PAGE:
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Biomed Res Int. 2017;2017:4151594. doi: 10.1155/2017/4151594. Epub 2017 Nov 8.

Xanthine-Catechin Mixture Enhances Lithium-Induced Anti-Inflammatory Response in Activated Macrophages In Vitro.

Author information

1
Postgraduate Program of Pharmacology, Federal University of Santa Maria, Santa Maria, RS, Brazil.
2
Postgraduate Program of Gerontology, Federal University of Santa Maria, Santa Maria, RS, Brazil.
3
Open University of the Third Age, State University of Amazonas, Manaus, AM, Brazil.
4
Brain Institute, Catholic University of Rio Grande do Sul, Porto Alegre, RS, Brazil.
5
Lutheran University of Brazil, Santa Maria, RS, Brazil.

Abstract

Lithium (Li) is a chemical element used for treating and preventing bipolar disorder (BD) and exerts positive effects such as anti-inflammatory effects as well as undesirable side effects. These effects of Li can be influenced by interaction with some nutritional elements. Therefore, we investigated the potential effects of xanthine (caffeine and theobromine) and catechin molecules present in some food beverages broadly consumed worldwide, such as coffee and tea, on Li-induced anti-inflammatory effects. In the present study, we concomitantly exposed RAW 264.7 macrophages to Li, isolated xanthine and catechin molecules, and a xanthine-catechin mixture (XC mixture). We evaluated the effects of these treatments on cell proliferation, cell cycle progression, oxidative and antioxidant marker expression, cytokine levels, gene expression, and GSK-3β enzyme expression. Treatment with the XC mixture potentialized Li-induced anti-inflammatory effects by intensification of the following: GSK-3β inhibitory action, lowering effect on proinflammatory cytokines (IL-1β, IL-6, and TNFα), and increase in the levels of IL-10 that is an anti-inflammatory cytokine. Despite the controversial nature of caffeine consumption by BD patients, these results suggested that consumption of caffeine, in low concentrations, mixed with other bioactive molecules along with Li may be safe.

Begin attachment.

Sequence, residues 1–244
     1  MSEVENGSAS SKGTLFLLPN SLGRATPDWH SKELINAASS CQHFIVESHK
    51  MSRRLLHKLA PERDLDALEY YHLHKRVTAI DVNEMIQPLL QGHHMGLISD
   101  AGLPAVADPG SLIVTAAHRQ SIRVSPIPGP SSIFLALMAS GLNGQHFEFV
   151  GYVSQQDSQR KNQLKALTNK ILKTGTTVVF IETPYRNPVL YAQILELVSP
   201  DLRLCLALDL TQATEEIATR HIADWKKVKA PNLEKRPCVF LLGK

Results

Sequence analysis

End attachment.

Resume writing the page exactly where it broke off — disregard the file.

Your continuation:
PMID:
29250539
PMCID:
PMC5698786
DOI:
10.1155/2017/4151594
[Indexed for MEDLINE]
Free PMC Article

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